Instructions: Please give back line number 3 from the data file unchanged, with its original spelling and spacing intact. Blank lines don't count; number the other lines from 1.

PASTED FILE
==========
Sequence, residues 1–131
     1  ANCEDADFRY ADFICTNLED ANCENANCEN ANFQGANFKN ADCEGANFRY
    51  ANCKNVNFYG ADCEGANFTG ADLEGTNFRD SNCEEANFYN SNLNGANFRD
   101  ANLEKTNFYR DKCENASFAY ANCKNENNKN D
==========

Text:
    51  ANCKNVNFYG ADCEGANFTG ADLEGTNFRD SNCEEANFYN SNLNGANFRD